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Today's Stichomancy for Hugh Hefner

The first excerpt represents the element of Air. It speaks of mental influences and the process of thought, and is drawn from A Personal Record by Joseph Conrad:

say something like this:

"It is true, Almayer, that in the world below I have converted your name to my own uses. But that is a very small larceny. What's in a name, O Shade? If so much of your old mortal weakness clings to you yet as to make you feel aggrieved (it was the note of your earthly voice, Almayer), then, I entreat you, seek speech without delay with our sublime fellow-Shade--with him who, in his transient existence as a poet, commented upon the smell of the rose. He will comfort you. You came to me stripped of all prestige by men's queer smiles and the disrespectful chatter of every vagrant trader in the Islands. Your name was

A Personal Record
The second excerpt represents the element of Fire. It speaks of emotional influences and base passions, and is drawn from Rivers to the Sea by Sara Teasdale:

THE lightning spun your garment for the night Of silver filaments with fire shot thru, A broidery of lamps that lit for you The steadfast splendor of enduring light. The moon drifts dimly in the heaven's height, Watching with wonder how the earth she knew That lay so long wrapped deep in dark and dew, Should wear upon her breast a star so white. The festivals of Babylon were dark With flaring flambeaux that the wind blew down; The Saturnalia were a wild boy's lark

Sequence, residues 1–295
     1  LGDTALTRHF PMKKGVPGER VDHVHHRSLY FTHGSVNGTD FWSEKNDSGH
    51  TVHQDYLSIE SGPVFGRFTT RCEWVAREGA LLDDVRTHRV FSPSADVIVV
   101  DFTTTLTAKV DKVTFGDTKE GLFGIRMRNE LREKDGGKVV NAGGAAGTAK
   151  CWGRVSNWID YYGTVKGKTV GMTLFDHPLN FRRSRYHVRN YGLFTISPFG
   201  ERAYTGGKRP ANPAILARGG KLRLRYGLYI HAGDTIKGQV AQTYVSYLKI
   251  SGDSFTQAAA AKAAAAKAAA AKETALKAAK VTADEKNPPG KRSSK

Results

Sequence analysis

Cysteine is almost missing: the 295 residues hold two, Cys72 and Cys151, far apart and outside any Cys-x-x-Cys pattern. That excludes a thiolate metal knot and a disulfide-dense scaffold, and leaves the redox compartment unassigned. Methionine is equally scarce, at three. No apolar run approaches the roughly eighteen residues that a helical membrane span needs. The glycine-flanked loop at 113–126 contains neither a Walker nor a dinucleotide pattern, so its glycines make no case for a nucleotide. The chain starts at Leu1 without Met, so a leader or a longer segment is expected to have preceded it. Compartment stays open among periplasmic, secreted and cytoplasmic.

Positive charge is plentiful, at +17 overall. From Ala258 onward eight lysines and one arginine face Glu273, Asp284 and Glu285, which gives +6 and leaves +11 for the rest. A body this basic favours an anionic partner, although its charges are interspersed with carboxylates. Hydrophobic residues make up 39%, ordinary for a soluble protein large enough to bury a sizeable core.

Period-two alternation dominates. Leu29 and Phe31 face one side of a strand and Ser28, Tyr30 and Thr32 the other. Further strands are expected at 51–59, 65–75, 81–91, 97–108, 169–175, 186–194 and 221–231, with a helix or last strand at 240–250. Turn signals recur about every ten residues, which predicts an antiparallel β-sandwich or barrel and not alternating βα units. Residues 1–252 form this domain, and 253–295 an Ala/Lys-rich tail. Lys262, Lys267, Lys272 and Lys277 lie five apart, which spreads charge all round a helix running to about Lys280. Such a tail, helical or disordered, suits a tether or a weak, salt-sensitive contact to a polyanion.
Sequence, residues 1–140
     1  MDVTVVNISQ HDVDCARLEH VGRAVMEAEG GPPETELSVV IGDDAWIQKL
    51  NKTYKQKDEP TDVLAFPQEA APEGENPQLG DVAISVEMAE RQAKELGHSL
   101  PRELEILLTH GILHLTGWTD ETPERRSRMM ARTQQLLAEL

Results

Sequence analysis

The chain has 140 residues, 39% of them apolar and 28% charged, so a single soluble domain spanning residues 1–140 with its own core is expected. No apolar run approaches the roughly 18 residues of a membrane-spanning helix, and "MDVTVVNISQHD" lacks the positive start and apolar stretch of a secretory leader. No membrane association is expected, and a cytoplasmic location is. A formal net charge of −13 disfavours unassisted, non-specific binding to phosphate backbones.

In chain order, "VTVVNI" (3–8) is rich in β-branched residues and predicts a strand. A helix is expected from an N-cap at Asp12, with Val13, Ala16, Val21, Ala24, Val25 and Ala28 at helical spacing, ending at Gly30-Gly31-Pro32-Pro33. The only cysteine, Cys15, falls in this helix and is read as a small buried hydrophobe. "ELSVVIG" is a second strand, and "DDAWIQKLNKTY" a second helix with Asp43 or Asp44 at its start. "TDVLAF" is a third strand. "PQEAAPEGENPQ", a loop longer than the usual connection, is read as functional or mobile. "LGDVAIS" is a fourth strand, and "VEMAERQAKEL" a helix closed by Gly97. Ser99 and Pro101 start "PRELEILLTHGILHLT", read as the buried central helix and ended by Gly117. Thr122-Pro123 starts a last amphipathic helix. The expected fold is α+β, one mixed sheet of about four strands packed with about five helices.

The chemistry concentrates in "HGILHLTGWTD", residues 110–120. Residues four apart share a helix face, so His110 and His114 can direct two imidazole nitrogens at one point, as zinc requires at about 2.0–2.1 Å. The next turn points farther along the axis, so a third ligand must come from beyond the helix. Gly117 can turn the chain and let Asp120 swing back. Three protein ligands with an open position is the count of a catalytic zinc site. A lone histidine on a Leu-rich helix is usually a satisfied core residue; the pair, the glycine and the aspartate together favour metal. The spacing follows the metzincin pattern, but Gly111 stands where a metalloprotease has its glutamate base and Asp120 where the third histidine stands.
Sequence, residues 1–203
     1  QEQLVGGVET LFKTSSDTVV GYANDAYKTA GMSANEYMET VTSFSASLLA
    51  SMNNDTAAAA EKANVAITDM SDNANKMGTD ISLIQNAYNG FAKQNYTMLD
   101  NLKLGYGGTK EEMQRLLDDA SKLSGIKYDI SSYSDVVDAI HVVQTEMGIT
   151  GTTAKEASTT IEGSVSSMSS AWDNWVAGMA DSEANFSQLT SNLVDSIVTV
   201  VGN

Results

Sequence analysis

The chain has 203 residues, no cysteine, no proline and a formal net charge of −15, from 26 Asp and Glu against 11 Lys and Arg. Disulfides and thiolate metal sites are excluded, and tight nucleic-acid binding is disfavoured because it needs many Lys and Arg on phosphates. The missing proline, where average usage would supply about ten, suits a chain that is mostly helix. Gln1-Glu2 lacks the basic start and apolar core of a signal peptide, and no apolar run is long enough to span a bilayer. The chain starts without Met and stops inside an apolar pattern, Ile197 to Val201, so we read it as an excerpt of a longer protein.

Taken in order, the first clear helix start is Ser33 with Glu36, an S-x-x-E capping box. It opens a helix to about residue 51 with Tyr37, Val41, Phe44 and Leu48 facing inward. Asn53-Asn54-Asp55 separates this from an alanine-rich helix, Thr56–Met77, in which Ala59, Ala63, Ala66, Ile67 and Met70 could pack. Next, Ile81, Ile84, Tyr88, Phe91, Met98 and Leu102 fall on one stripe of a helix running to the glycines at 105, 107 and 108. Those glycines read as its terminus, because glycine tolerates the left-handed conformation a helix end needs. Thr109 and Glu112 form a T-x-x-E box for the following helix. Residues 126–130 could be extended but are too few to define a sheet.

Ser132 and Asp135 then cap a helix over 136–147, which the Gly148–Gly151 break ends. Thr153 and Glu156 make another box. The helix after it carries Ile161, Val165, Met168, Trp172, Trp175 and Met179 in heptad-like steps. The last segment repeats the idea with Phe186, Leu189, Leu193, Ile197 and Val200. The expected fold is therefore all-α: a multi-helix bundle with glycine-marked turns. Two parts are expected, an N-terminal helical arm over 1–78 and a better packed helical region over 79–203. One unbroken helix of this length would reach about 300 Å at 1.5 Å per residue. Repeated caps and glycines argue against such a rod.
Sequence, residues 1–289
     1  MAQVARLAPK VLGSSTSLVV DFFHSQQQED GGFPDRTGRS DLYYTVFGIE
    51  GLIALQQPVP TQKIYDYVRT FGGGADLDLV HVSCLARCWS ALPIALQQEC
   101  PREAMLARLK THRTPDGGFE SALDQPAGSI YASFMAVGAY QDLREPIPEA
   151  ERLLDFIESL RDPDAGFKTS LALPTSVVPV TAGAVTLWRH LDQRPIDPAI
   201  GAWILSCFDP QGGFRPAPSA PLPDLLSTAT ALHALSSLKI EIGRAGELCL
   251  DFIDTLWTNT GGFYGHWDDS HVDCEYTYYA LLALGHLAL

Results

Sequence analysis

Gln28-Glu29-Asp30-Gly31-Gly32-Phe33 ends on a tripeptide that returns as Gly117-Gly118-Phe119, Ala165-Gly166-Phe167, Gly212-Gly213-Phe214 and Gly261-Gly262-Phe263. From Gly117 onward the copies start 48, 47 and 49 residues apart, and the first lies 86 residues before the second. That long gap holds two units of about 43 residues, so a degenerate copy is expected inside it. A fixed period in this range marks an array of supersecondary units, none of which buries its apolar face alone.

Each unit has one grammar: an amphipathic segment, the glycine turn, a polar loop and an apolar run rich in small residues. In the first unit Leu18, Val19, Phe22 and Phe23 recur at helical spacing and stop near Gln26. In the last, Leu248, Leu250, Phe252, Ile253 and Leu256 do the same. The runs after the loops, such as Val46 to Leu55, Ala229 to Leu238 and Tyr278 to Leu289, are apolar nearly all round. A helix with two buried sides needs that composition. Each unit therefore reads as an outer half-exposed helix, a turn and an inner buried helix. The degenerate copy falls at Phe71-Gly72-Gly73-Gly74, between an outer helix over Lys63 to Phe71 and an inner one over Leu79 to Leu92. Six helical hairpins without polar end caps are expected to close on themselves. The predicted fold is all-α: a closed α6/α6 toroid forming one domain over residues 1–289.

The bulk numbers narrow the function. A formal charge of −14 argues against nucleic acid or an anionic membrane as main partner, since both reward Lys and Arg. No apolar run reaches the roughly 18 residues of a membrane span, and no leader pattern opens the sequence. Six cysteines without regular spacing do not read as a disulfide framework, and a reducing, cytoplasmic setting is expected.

The third excerpt represents the element of Water. It speaks of pure spiritual influences and feelings of love, and is drawn from Democracy In America, Volume 1 by Alexis de Toqueville:

when they hold the same opinions upon many subjects, and when the same occurrences suggest the same thoughts and impressions to their minds.

The observer who examines the present condition of the United States upon this principle, will readily discover, that although the citizens are divided into twenty-four distinct sovereignties, they nevertheless constitute a single people; and he may perhaps be led to think that the state of the Anglo-American Union is more truly a state of society than that of certain nations of Europe which live under the same legislation and the same prince.

The fourth excerpt represents the element of Earth. It speaks of physical influences and the impact of the unseen on the visible world, and is drawn from Familiar Studies of Men and Books by Robert Louis Stevenson:

Mrs. Elizabeth Bowes, wife of Richard Bowes, of Aske, in Yorkshire, to whom she had borne twelve children. She was a religious hypochondriac, a very weariful woman, full of doubts and scruples, and giving no rest on earth either to herself or to those whom she honoured with her confidence. From the first time she heard Knox preach she formed a high opinion of him, and was solicitous ever after of his society. (1) Nor was Knox unresponsive. "I have always delighted in your company," he writes, "and when labours would permit, you know I have not spared hours to talk and commune with you." Often when they had met in depression he reminds her, "God